Hackenson: When we think about the products and services that we sell to our customers, we view them as being consumers in their homes, hospitals, factories, and office buildings. Our company has products and services to help move that electricity through whatever facility they are in. As we are connecting more of those physical products, whether they be thermostats, uninterruptible power supplies, or high medium voltage, we are connecting those products to the Internet of Things. We are able to help our customers have analytics around that information. As a digital-first company, we have to have the same vision and principles within enterprise IT around how to use our digital technologies to build products and services for our customers. Likewise, we have to think about how we use these products and services internally. This involves leveraging machine learning and artificial intelligence [ML/AI], the cloud, and application programming interfaces [APIs]. We are mirroring many of the technologies that our product people are using to build products for our customers.
High: You recently celebrated your one-year anniversary with the company. I assume the past year has been exciting given the pace of change and some of the strategic points you have focused on. Being experienced in the industry certainly helped you, but could you talk about how you structured your first 100 days in order to understand the company, its culture, the team you were inheriting, and some of the areas to focus on?
Hackenson: I was on the supply side with my previous company, and joining Schneider put me on the demand side, which was something I was interested in. It was helpful to have a background in energy, so I had a bit of a leg up in that regard. Within my first 30 days, our [Chief Digital Officer] Herve Coureil was ready to launch his organization structure for Schneider Digital. He wanted me to take my time, but within my first 30 days, I realized there is anxiety when someone new comes in and there is a big organizational change taking place. In fact, I implemented the IT organization at the same time as the rest of my peers. As a result, there was a great deal of work to do within the first 30 days just to get that organization in place. I thought it was important to settle everyone down, and I knew that the organization would be an evolution throughout the year as I learned more through talking to business peers, customers, and visiting employees.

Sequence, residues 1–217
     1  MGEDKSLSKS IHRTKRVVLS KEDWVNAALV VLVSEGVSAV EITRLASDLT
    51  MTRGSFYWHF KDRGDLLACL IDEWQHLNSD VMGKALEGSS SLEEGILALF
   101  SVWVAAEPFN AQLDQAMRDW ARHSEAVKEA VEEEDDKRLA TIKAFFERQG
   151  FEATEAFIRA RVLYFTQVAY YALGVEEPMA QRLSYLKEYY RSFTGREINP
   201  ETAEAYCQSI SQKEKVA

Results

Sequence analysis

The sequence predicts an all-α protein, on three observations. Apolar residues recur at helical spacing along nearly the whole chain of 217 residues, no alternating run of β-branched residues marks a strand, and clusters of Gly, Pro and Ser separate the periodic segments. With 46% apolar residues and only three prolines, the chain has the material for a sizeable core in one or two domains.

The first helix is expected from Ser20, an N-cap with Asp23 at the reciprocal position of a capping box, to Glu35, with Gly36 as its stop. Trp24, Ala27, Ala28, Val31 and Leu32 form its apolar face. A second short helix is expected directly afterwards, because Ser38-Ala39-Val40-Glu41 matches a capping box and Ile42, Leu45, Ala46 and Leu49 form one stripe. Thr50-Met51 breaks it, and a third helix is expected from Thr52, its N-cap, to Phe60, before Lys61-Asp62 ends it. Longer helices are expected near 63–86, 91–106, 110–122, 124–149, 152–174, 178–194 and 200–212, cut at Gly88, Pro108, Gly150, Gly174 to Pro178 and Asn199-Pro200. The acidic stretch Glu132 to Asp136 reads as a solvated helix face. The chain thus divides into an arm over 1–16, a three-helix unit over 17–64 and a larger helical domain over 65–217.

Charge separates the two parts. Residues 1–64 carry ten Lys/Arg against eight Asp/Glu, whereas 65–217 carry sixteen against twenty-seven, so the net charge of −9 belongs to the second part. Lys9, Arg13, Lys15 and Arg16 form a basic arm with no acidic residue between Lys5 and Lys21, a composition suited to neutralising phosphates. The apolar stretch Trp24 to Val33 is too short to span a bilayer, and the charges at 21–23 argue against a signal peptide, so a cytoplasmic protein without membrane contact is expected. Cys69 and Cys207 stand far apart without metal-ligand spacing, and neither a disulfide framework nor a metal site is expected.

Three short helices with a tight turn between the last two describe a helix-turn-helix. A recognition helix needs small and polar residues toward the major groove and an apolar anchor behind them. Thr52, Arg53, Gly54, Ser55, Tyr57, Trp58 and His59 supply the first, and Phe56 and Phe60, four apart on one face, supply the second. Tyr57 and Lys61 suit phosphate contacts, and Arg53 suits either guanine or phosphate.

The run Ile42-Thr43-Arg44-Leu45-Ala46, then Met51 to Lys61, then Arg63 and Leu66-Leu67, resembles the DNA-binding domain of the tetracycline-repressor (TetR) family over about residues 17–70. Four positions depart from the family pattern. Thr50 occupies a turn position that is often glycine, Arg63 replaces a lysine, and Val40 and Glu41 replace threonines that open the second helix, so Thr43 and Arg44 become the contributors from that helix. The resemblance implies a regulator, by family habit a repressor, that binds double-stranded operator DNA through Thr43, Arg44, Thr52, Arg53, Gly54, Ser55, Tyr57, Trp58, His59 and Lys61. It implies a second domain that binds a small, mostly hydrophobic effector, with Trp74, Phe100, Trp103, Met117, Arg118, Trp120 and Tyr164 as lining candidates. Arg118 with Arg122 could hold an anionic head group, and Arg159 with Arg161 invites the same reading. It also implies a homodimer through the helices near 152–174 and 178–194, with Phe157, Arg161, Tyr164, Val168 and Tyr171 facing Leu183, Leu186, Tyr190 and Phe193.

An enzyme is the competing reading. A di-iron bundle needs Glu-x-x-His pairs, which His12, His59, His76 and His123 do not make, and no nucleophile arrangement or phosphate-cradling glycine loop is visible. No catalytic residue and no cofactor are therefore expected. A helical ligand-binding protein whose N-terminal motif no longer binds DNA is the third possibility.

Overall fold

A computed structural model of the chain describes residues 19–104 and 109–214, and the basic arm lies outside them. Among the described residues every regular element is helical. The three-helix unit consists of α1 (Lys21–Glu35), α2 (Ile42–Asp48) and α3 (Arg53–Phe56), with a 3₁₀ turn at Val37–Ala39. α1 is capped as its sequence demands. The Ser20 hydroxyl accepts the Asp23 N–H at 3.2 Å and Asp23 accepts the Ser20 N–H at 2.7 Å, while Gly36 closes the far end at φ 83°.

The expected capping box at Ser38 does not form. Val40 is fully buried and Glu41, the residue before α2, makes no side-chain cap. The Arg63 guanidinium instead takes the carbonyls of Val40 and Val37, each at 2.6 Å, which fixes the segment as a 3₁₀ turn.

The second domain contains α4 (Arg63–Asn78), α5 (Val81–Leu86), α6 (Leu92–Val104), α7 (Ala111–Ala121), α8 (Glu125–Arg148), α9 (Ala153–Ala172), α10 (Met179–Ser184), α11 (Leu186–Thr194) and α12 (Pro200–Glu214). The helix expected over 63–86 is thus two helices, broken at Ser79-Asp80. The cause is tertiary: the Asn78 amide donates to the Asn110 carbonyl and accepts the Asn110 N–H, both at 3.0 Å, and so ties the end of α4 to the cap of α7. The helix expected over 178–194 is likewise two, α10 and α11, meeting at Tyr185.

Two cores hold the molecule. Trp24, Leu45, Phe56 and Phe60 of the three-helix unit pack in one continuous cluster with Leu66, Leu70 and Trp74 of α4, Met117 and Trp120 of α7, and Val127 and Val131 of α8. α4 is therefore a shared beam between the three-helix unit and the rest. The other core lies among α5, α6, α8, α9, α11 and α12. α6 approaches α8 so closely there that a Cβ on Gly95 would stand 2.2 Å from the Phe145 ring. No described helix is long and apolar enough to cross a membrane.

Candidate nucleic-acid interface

Another focus of my first 100 days was trying to speak to as many employees as I could. I made multiple trips to Paris, I was in India, and I visited many locations in the US 45 days into the position, an individual who was reporting to me in North America left the company. As a result, I was essentially holding two roles, which were as Global CIO and the Head of IT for North America. While at the time, it appeared to be a bit overwhelming, it was a great experience because it allowed me to get involved in one of the largest operations in the company. In doing so, I got to learn the leaders from that region of the world. If I was not forced into this dual position, I likely would not have met them so quickly, and I do not believe that I would have gotten as immersed into some of the challenges that our operations have. While I was doing double duty over my first 100 days, it was a great way for me to learn about the company’s leaders, challenges, and opportunities that we had in IT.
High: You mentioned that Herve Coureil, your predecessor as CIO, has remained on as the CDO. Can you talk about the advantages of having the predecessor still present in an important role?